How to Implement Multilingual Search with Sentence Transformers

Published — Edited

After following this guide, you will be able to use a pre-trained model to populate a Qdrant database with text and to search it for relevant results.

Creating a searchable database is straightforward. You can achieve basic functionality with Postgres' full text search. The novel advantage of using a pre-trained model with Qdrant is the ability to ingest and search data in any language that the model supports. Over 50 languages are supported by the model that we will be using.

Let's consider a scenario where you have a collection of English and French song lyrics. The model can convert each song's lyrics into a vector, which can then be stored in Qdrant. Once this is done, you can run a search query in English and find semantically similar lyrics in both English and French.

This guide assumes that you are using Linux, specifically Ubuntu in my case, and that you have enough knowledge to follow along with any linked pages and examples.



from qdrant_client import QdrantClient
from qdrant_client.http import models
from sentence_transformers import SentenceTransformer
from torch.cuda import is_available
from uuid import uuid4

def text_to_vector(text):
    Encodes the provided text into a vector, using a pre-trained model.

    :param text: Text to convert.
    :return: Vector representation of the text.
    model = SentenceTransformer(
        device="cuda" if is_available() else "cpu",

    return model.encode(text).tolist()

def ingest(qdrant_client, text):
    Ingests the provided text into Qdrant.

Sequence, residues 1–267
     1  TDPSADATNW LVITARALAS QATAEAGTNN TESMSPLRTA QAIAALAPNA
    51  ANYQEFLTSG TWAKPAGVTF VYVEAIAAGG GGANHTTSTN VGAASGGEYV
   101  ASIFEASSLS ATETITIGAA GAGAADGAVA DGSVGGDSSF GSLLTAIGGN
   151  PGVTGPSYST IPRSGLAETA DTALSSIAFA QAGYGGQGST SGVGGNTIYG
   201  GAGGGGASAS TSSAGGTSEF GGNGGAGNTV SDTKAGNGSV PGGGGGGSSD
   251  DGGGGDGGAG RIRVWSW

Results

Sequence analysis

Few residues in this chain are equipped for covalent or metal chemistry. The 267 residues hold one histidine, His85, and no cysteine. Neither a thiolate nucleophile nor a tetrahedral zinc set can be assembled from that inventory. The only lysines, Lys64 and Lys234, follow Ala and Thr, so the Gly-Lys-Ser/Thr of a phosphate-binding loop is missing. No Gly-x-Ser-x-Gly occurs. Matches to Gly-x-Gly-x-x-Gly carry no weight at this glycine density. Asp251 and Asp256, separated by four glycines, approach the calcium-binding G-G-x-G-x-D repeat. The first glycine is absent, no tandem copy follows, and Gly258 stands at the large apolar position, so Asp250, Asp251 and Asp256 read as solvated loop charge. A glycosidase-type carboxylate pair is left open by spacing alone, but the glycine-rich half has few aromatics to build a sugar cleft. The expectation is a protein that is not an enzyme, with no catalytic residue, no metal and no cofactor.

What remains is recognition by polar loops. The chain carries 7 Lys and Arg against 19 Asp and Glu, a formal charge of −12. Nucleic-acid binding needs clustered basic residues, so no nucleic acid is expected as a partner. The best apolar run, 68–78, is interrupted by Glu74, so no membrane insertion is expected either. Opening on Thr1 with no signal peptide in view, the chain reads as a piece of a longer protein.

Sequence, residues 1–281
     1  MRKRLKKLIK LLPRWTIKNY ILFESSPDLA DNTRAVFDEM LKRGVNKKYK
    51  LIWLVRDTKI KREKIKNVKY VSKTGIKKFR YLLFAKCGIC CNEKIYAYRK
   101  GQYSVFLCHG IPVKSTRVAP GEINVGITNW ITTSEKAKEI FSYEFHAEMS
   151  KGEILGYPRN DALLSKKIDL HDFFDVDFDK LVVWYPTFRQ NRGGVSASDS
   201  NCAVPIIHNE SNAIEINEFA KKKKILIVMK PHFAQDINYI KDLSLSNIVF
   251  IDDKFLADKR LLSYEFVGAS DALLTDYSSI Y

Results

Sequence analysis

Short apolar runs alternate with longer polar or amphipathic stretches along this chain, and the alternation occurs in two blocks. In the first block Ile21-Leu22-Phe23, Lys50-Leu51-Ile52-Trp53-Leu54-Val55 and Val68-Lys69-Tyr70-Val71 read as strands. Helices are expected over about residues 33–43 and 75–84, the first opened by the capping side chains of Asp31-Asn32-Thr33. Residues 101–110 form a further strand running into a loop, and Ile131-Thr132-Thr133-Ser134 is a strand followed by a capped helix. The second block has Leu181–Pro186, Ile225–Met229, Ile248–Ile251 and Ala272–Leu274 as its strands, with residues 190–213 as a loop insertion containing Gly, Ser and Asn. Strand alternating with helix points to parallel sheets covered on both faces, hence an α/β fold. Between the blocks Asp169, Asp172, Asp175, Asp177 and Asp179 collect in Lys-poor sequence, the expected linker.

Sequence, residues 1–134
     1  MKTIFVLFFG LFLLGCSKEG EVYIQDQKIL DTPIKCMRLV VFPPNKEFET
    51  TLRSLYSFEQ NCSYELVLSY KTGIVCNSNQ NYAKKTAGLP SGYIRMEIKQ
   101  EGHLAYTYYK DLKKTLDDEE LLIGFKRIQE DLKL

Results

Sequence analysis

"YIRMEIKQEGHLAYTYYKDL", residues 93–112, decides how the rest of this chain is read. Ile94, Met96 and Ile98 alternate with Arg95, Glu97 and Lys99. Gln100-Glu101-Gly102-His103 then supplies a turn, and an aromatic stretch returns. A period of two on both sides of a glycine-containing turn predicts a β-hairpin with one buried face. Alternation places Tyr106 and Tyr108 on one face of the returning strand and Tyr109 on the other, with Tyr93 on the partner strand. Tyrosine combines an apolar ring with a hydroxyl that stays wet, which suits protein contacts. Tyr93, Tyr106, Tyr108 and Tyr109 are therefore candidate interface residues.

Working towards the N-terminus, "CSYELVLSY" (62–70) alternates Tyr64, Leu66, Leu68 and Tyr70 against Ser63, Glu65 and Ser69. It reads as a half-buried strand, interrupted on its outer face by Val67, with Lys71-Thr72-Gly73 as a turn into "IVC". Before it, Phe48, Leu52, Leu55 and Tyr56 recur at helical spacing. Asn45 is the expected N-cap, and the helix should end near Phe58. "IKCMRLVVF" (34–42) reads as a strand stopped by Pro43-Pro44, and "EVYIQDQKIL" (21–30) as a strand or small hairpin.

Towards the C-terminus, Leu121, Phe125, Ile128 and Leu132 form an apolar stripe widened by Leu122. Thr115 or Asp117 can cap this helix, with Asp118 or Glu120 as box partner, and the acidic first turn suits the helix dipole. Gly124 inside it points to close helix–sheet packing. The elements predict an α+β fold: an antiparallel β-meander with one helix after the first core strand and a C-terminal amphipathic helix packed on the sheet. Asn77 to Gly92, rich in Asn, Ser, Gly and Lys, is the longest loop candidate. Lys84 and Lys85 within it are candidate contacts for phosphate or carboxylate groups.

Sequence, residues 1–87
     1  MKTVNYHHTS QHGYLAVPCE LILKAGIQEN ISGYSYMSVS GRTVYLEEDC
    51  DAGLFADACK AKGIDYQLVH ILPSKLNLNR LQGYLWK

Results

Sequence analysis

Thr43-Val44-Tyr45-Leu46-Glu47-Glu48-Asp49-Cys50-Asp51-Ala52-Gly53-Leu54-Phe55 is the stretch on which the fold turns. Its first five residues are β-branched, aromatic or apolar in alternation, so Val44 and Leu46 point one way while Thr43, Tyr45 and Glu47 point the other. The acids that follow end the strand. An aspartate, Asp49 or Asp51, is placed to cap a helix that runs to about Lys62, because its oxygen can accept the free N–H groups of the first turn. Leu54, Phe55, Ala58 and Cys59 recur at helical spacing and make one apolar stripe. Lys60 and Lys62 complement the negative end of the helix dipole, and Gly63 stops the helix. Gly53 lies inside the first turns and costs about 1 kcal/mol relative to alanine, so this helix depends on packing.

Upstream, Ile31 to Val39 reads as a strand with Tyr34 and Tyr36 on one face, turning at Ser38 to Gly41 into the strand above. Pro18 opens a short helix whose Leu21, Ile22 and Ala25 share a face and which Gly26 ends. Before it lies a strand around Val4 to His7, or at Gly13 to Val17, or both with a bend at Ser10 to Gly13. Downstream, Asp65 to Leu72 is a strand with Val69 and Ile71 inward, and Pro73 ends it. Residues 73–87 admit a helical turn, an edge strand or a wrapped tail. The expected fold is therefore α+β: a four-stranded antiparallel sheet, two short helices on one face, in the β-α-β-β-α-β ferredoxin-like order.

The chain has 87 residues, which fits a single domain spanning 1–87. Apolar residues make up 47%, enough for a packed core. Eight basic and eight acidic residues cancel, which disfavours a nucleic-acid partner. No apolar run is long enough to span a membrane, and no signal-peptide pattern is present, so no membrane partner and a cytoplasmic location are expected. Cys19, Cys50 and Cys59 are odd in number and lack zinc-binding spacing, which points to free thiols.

:param text: Text to ingest.
                payload={"text": text},

def search(qdrant_client, query):
    Searches Qdrant for text similar to the provided query, and prints the results.

    :param query: Query to search with.
    :return: None
    results =

    print(f"Search Results for '{query}':")
    for result in results:
        score = round(result.score * 100, 2)
        print(f"\tScore: {score}\tText: '{result.payload['text']}'")

# Delete and recreate the Qdrant collection.
qdrant_client = QdrantClient(host="host.docker.internal", port=6333)
    vectors_config=models.VectorParams(size=768, distance=models.Distance.COSINE)

# Ingest some example text.
ingest(qdrant_client, "Hello, World!")
ingest(qdrant_client, "Olá Mundo!")
ingest(qdrant_client, "こんにちは世界")
ingest(qdrant_client, "हैलो वर्ल्ड!")

# Search for similar text.
search(qdrant_client, "Hello, World!")
search(qdrant_client, "Olá Mundo!")
search(qdrant_client, "こんにちは世界")
search(qdrant_client, "हैलो वर्ल्ड!")

text_to_vector downloads and loads this model, and uses it to convert any input text into a 768 element vector. See here for a list of available models and their tradeoffs.

ingest creates a point and inserts it into the example collection.

search runs a Qdrant search to find and display results that are semantically similar to the input query.

Code Output

Search Results for 'Hello, World!':
        Score: 100.0    Text: 'Hello, World!'
        Score: 99.09    Text: 'हैलो वर्ल्ड!'
        Score: 96.71    Text: 'こんにちは世界'
        Score: 88.44    Text: 'Olá Mundo!'

Search Results for 'Olá Mundo!':
        Score: 100.0    Text: 'Olá Mundo!'
        Score: 89.48    Text: 'हैलो वर्ल्ड!'
        Score: 88.58    Text: 'こんにちは世界'
        Score: 88.44    Text: 'Hello, World!'

Search Results for 'こんにちは世界':
        Score: 100.0    Text: 'こんにちは世界'
        Score: 96.71    Text: 'Hello, World!'
        Score: 95.36    Text: 'हैलो वर्ल्ड!'
        Score: 88.58    Text: 'Olá Mundo!'

Search Results for 'हैलो वर्ल्ड!':
        Score: 100.0    Text: 'हैलो वर्ल्ड!'
        Score: 99.09    Text: 'Hello, World!'
        Score: 95.36    Text: 'こんにちは世界'
        Score: 89.48    Text: 'Olá Mundo!'